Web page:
The seminar “Economic expertise and environmental actions” will welcome
Sébastien Chailleux and Andreas Folkers
This session will explore the promises of geoengineering through analyzes of eco-modernist projects promoting innovations designed to reduce greenhouse gas emissions.
Sébastien Chailleux (Centre Émile Durkheim-UMR5116, Sciences Po Bordeaux) – Geological carbon storage: instability of coalitions and discourses in relation to a negative carbon technology
Ecological modernization tends to dominate institutional definitions of low-carbon transitions in industrialized countries, but a lot of studies provide a homogeneous view of ecomodernist projects based on market solutions and technological innovation. This presentation challenges this view of a homogeneity of ecological modernization through a micro-level analysis of the development of an eco-modernist coalition advocating for the development of carbon capture, utilization and storage (CCUS) in France. Focusing on the construction and erosion of a common framework within the coalition, we highlight both the ambivalence of the solution’s framing and the instability of the coalition supporting it. Drawing on interpretive policy analysis and the sociology of innovation, we emphasize that eco-modern innovations are co-constructed between public and private actors. We argue that the ambivalent frameworks developed by the French promoters of CCUS initially legitimized the deployment of the technology but in the long-term led to a misalignment of actors.
Andreas Folkers (Justus-Liebig-Universität Giessen) – Symbiotic (Geo)Engineering
Cows are not only one of the earliest forms of capital, but they are also terraformers. They helped to colonize the Americas by occupying the land formerly inhabited by Bison herds and are still responsible for the transformation of rich forest ecologies into farmland. According to the FAO ‘livestock production accounts for 70 percent of all agricultural land and 30 percent of the land surface of the planet’. In addition to changing the land, cows also change the chemical composition of the atmospheres by burping out methane. In last couple of years, a series of technoscientific and bio-capitalist projects emerged that seek to reduce bovine methane emissions by altering the symbiotic microbial metabolism in the cow’s digestive track. These projects promise that their intervention at the microbial level will have an immediate effect on the planet and thus to constitute a form of microbial or symbiotic geoengineering. However, this imaginary abstracts from the mediators that make such effects possible. The talk will show the various technoscientific, calculative, and economic steps necessary to connect the microbial to the planetary and to turn microbial engineering into geoengineering.
Sébastien Chailleux (Centre Émile Durkheim-UMR5116, Sciences Po Bordeaux) is a lecturer at Sciences Po Bordeaux. His work focuses on the dynamics of politicization of energetic transition. For the past ten years, he has studied how the extractive industries have adapted to the injunctions of the transition. He studied the ban on shale gas in France, the failure of the mining revival and the development of geological carbon storage. His publications include L’Etat sous pression (2021) co-authored by Philippe Zittoun, and Ressources Minérales et Transitions (2022) with Sylvain Le Berre and Yann Gunzburger, as well as many other articles on these topics in Revue Internationale de Politique Comparée, Revue Française de Sociologie, Natures Sciences Sociétés, Critical Policy Studies, Environment & Planning C or Extractive Industries and Society.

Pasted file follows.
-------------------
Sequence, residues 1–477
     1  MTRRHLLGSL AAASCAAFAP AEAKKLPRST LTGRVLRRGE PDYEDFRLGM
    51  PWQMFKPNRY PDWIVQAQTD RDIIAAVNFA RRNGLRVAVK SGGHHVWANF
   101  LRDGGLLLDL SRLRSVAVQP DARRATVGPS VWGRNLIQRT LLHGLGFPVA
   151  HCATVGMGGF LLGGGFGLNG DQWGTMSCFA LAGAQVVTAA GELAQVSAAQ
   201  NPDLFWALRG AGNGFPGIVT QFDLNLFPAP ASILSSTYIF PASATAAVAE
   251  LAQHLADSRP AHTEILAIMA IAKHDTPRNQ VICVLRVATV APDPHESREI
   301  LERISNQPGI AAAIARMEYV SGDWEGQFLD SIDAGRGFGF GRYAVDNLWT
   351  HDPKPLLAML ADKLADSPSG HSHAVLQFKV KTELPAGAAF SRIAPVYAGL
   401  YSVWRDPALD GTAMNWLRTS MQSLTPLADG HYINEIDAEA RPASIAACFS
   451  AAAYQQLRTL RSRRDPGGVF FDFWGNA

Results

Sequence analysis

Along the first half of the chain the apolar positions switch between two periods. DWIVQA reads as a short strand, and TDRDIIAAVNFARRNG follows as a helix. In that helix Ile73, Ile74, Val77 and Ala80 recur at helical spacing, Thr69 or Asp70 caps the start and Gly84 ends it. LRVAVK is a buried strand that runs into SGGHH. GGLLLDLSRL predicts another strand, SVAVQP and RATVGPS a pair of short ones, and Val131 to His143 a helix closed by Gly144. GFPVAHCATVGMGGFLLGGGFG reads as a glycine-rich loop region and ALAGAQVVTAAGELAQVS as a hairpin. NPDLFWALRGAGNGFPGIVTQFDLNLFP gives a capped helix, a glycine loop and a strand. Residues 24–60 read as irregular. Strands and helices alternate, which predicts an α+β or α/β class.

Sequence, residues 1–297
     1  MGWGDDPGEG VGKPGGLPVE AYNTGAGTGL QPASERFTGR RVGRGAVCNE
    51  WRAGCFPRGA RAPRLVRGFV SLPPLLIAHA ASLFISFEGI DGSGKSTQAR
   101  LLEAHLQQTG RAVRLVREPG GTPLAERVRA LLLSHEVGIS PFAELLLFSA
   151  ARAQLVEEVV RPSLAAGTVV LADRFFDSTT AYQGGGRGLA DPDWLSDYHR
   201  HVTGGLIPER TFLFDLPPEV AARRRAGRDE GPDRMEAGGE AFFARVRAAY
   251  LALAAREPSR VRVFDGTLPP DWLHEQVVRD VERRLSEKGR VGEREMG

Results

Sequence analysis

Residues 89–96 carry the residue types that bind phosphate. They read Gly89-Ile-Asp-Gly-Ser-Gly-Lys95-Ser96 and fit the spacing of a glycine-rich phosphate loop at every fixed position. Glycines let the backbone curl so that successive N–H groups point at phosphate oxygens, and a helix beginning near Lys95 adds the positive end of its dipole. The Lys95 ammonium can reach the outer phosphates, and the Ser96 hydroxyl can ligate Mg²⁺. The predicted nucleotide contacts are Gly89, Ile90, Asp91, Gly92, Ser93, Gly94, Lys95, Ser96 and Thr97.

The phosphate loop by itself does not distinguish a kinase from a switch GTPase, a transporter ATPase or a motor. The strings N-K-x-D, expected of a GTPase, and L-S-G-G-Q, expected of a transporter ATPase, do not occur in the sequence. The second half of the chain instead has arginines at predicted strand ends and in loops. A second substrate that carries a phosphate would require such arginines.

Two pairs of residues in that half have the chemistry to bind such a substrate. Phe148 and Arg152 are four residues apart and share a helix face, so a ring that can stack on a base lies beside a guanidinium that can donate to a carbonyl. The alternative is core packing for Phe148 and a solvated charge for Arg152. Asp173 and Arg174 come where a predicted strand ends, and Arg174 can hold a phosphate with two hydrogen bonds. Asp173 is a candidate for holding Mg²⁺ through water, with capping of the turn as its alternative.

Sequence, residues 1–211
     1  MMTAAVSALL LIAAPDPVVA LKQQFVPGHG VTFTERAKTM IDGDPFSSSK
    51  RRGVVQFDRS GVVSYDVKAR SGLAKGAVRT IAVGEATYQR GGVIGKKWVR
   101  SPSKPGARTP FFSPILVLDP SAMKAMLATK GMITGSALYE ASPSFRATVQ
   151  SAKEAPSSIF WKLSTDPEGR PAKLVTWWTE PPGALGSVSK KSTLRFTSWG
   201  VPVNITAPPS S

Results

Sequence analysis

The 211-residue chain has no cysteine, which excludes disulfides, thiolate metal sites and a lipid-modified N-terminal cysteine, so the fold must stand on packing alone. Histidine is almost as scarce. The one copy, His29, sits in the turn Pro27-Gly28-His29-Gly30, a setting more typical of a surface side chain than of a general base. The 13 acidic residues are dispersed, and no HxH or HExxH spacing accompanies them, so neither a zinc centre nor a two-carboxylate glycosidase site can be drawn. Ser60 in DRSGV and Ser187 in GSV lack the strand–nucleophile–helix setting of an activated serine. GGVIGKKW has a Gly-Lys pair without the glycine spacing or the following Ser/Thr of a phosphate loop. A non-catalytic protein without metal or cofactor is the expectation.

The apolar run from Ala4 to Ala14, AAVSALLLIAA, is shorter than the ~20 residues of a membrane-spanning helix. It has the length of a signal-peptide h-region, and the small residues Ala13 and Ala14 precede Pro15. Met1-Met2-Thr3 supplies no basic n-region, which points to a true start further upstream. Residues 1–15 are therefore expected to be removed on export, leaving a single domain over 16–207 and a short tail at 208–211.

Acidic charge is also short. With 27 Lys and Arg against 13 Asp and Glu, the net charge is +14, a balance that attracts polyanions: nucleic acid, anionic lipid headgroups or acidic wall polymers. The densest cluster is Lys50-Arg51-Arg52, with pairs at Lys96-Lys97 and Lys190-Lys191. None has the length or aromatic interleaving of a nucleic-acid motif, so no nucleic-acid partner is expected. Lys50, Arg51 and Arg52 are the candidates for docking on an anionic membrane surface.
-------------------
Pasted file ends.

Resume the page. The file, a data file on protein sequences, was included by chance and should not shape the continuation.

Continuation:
Andreas Folkers (Justus-Liebig-Universität Giessen) is a sociologist with research interests spanning political, economic, and environmental sociology, social theory and science and technology studies. He is a post-doc at the Justus-Liebig University Gießen, Institute for Sociology where he heads a research project on climate risks in finance. He is currently (Sep 2022 – June 2023) Fellow at the Princeton Institute for Advanced Study, School of Social Science. His work investigates the bio- and technopolitics of contemporary societies from a perspective that combines the analytical sensibilities of STS with approaches in (critical) social theory. He has worked on topics such as disaster preparedness and critical infrastructure protection, the energy transition, and symbio-socialities. He is currently PI of a DFG-funded research project on stranded assets and climate risks in finance. The project looks at the “pipelines” between fossil and financial capital and analyses attempts to govern financial risks associated with decarbonization. In addition, I’m writing a (second) book tentatively titled “Fossil Modernity. A Natural History of the Present” on the rise, fall, and afterlives of the cataclysmic ligature between modern societies and fossil fuels.
Information and registration
Date: Thursday May 11, 2023, 5 pm – 7 pm
Venue: EHESS, 54 bd Raspail 75006 Paris, room BS1_28.
The session will also be streamed by videoconference. The link will be sent upon registration just before the seminar.
The seminar is open to all. Please register here to participate in this session.
Photo sources: Sébastien Chailleux | Centre Émile Durkheim. Andreas Folkers, Institut für Soziologie, Justus-Liebig Universität Giessen. courambel (2008). “Manufactured sunset (a Holliwood production;)” (CC BY-NC 2.0).